Power Rankings 6/10
Power rankings are back. You fellas have no idea how deep the formulas ran this time. Injury predictions, weather-based matrices, palm reading, the whole nine. Any flaw you find is a reflection of you and not the system. Please direct all complaints to @NolteyFresh on the website Twitter.
12. Tim (Prev: 12)
Lord knows where I'd be without Mookie Betts' contributions in all five categories. (Even after missing the last 12 games, he's still comfortably #1 on the player rater.)
Hitting: Vlad isn't coming up this year.
Pitching: Not even my genius sits can pull me above league average.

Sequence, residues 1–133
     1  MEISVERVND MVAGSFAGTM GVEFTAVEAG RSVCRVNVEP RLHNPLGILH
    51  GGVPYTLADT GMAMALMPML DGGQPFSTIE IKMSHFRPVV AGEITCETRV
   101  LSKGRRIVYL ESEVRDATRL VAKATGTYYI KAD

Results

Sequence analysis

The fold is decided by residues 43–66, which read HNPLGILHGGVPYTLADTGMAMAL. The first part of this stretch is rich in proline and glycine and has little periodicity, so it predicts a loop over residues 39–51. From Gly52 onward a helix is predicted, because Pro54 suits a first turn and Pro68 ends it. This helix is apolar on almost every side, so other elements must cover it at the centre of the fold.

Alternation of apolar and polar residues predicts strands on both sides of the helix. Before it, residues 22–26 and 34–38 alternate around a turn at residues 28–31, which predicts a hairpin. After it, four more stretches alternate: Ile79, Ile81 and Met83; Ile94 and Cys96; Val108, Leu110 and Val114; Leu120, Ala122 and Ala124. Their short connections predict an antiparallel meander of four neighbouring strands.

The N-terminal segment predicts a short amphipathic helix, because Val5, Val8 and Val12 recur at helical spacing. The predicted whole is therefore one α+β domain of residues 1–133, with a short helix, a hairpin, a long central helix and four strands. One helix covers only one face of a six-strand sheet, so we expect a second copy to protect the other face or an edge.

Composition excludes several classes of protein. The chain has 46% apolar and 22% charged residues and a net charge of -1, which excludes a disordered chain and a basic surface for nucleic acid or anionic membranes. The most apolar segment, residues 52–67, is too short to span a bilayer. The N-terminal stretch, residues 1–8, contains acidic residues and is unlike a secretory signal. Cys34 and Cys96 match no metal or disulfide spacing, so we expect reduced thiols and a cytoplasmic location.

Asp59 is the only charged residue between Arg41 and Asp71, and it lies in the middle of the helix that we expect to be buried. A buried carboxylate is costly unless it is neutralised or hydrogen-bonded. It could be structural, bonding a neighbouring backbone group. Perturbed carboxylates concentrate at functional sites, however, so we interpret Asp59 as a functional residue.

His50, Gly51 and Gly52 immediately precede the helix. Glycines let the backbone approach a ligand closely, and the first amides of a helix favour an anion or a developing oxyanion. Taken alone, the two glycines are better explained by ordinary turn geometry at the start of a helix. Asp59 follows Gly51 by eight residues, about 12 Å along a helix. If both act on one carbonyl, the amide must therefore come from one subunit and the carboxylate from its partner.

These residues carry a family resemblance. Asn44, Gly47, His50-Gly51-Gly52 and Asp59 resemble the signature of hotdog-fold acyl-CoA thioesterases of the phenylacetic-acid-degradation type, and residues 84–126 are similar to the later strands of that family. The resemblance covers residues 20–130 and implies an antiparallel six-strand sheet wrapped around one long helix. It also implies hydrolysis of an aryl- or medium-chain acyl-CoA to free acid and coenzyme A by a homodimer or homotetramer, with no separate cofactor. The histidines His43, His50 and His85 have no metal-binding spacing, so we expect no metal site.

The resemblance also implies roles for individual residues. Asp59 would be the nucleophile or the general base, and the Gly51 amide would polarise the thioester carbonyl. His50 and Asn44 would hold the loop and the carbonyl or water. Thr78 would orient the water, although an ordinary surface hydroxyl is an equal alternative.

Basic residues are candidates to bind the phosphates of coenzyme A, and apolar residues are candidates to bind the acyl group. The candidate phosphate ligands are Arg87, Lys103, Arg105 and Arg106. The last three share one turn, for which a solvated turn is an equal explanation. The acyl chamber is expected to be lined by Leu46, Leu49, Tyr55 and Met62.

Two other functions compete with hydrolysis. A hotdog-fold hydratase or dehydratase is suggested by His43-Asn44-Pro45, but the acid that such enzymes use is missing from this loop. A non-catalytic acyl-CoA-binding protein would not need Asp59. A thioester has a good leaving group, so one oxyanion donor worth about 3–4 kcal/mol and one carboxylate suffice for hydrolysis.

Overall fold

11. Bayz (Prev: 9 🢃 )
Not much has changed for Bayz since our last Power Rankings, except the passage of time. He's nearly doubled his lead in saves (he's ahead by 18 now) despite $14 million disaster Greg Holland contributing nothing thus far. Bayz is bottom two in the other seven counting-stat categories, and somehow bottom two in ERA and WHIP despite a reliever-heavy rotation. A long road lies ahead.
Hitting: The bad injury luck continues. Nine games after trading Eric Hosmer for the Bay-area breakout Brandon Belt, Belt's appendix burst in the dugout. (This is dramatic and unconfirmed but also probably true.) He'll miss at least three weeks total.
After finally returning from a broken wrist in mid-May, Justin Turner finds himself in and out of the lineup with lingering pain. Elvis Andrus can't come back soon enough.